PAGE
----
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Editorial

Consumer Duty – What’s Next

In previous blogs, our focus has been on the preparation required for Consumer Duty going live, including looking into the strategies that will set firms up for long-term success and delving into their monitoring and management information needs required for the future. However, after over a month since Consumer Duty went live, it is not time for firms to put their feet up yet.

Contributor

Gracie is a Consultant with extensive experience in the Consumer Duty and regulatory field, supporting clients across their regulatory transition programmes.

Gracie Willacy
Consultant

The FCA will want to see what has changed post-implementation and evidence of sustainable new policies and procedures. For example, have products been amended or withdrawn by manufacturers as a result of feedback from retail customers via distributors? Have communications been more tailored to consumer needs and has there been evidence of lessons learned on client complaints?

One imminent next step will see firms transitioning to their 'Day 2' plans. These plans set out how firms are to deliver any outstanding tasks to become compliant with the new Duty and how to prepare for the long term. In particular, one source of consumer harm that the FCA will be focusing on arises from the distribution chain. The focus will be on the “handshakes” between the firm and the wider distribution chain that could potentially cause harm if not appropriately mitigated. These are known as the formal compliance arrangements between manufacturers and distributors that are embedded from the beginning of the chain to the end customer. Firms need to understand their role and accountability within their distribution chain and have strategies surrounding any identified risks that will be monitored and mitigated. If this has not been conducted, it must be a priority in 'Day 2'.

The communication stream between manufacturers and distributors must facilitate the FCA's enhanced consumer protection. Manufacturers need to request feedback from distributors on the performance of their product for the end client to ensure that there is no foreseeable harm that could be alleviated. Moreover, distributors should ask about the details and processes behind the design of the products, this could be via due diligence questionnaires to enhance their product understanding and other opportunities where the manufacturer can scrutinise their products within the lens of the Duty. Furthermore, a firm’s product governance set-up should facilitate this exchange of information and business decision-making. Evidence, specifically in the form of data (qualitative or quantitative) and documentation, will showcase the changes implemented post-implementation.  For example, if any products are withdrawn because of complaint analysis and manufacturer communication, then the decisions made, actions taken, and stages involved in removing the product for the end client, should be well documented to form evidence for the business decisions that are made as a result of Consumer Duty.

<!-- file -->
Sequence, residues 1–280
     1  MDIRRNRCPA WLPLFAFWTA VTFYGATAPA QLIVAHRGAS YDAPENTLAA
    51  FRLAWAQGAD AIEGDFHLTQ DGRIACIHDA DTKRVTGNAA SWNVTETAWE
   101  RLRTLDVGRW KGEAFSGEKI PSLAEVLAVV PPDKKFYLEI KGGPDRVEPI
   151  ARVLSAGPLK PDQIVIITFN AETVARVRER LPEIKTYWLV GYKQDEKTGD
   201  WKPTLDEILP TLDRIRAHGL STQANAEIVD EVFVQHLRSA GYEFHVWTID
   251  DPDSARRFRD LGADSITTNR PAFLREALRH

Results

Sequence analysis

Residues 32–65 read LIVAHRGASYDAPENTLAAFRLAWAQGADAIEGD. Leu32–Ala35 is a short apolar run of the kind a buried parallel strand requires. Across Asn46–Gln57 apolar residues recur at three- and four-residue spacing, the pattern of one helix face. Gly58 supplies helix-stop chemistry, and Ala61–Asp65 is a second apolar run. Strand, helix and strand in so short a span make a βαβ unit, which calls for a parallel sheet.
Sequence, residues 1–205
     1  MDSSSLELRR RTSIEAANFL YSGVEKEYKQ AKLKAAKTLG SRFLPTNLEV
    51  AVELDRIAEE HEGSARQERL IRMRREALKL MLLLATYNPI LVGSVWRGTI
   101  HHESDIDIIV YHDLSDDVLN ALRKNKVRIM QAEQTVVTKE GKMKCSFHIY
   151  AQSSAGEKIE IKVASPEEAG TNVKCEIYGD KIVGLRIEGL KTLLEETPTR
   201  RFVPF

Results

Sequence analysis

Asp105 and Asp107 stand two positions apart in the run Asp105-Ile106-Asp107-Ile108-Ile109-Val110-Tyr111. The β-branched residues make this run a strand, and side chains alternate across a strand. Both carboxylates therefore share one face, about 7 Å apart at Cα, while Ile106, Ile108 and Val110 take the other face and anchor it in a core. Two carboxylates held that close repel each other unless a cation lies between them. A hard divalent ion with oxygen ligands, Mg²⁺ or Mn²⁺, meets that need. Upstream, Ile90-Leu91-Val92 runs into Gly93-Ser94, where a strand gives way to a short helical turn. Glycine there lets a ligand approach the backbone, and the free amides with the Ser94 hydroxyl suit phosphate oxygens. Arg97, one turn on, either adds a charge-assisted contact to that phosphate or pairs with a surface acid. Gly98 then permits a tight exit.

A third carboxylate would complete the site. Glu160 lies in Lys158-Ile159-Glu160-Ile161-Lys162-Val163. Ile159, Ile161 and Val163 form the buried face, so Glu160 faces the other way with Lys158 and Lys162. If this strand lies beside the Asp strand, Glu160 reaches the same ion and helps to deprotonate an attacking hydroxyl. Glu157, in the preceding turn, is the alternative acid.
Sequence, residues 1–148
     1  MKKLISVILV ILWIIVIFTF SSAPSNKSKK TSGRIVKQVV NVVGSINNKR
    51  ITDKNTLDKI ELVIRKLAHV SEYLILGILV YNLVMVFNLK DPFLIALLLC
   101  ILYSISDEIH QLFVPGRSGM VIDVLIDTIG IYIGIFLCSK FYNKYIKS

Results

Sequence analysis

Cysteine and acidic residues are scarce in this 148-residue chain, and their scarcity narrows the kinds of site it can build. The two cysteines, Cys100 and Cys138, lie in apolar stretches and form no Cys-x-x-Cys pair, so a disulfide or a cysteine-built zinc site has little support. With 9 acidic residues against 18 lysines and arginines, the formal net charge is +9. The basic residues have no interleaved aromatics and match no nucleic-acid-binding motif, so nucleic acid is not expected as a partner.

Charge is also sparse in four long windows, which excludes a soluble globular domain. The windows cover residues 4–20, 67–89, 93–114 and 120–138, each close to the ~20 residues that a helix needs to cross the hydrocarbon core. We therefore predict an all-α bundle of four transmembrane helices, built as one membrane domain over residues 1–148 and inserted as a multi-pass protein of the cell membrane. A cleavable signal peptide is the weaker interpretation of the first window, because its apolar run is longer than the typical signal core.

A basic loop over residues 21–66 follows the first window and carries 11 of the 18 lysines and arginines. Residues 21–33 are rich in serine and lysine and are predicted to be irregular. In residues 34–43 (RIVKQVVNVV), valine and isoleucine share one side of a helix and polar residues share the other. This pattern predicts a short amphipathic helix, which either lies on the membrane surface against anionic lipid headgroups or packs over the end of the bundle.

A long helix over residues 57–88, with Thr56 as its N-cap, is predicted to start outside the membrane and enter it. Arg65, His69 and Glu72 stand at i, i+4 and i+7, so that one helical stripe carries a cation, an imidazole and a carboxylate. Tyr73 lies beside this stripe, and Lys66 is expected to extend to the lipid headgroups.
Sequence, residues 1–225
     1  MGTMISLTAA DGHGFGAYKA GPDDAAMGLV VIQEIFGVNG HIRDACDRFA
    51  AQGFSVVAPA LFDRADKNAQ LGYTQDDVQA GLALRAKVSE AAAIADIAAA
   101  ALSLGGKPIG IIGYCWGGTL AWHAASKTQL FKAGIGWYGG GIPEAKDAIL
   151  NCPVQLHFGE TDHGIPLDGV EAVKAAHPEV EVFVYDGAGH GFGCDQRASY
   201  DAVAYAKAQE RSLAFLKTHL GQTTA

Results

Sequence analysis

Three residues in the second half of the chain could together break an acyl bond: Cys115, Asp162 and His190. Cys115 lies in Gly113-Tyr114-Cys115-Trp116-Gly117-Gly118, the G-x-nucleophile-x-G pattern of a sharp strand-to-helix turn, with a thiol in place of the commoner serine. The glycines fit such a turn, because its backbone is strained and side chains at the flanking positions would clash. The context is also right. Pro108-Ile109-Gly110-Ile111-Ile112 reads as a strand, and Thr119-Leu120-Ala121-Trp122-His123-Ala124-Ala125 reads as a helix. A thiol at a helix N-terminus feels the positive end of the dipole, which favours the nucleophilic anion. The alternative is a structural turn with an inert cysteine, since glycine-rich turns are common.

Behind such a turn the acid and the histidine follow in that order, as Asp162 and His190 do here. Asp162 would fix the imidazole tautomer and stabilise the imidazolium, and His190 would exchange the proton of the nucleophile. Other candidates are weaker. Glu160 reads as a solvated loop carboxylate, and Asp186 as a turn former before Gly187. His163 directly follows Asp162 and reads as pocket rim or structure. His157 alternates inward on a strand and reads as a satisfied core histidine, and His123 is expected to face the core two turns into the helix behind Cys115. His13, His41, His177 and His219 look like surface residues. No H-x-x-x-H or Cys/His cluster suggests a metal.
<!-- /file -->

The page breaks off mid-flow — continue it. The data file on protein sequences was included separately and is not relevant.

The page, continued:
Moving on from 'Day 2' plans, since Consumer Duty went live, firms can benchmark against industry standards and see what competitors have done to gauge the effectiveness of their own implementation. This stage of quality assurance is critical to understanding where firms will sit in the FCA’s future analysis of ‘Good Practice’ or ‘Improvement Areas’. This will help firms in prioritising tasks within their 'Day 2' plan and/or BAU strategies to meet the industry standard. Over the past 12 months, questions we have seen firms asking themselves stem from the underlying question of “What does good look like in real life”. Now, for the first time, we will be able to get a view of industry best practices and a more holistic understanding of what delivering good outcomes in real business practices looks like. The FCA will want to see that firms are considering information stemming from the higher industry standard and making business decisions that will demonstrate that firms are learning as a result of the feedback they are receiving. Upon request, firms must be able to provide evidence quickly and in a consistent format that can be easily interpreted by the regulator. Moreover, quality assurance will offer insight to firms on where they stand in the industry with respect to FCA’s evolving competitive environment, shifting from cost and profit goals, to consumer-driven objectives such as reputation and customer satisfaction.

Firms will continue to learn from and develop their BAU strategies over the next 12 months, but they will need to use the next months to obtain as much feedback from every perspective, including the distributor, manufacturer, customers, or teams within the business, to capture all angles efficiently under the Duty.

How we can help

Delta Capita’s Consumer Duty experts have been helping firms deal with the complexities of the rule Duty from Day 1. We have helped firms assess readiness against the rules, deliver key changes and plan for the requirements of 2024 and beyond. If you’d like to know more about how we can support you with Consumer Duty, please contact us.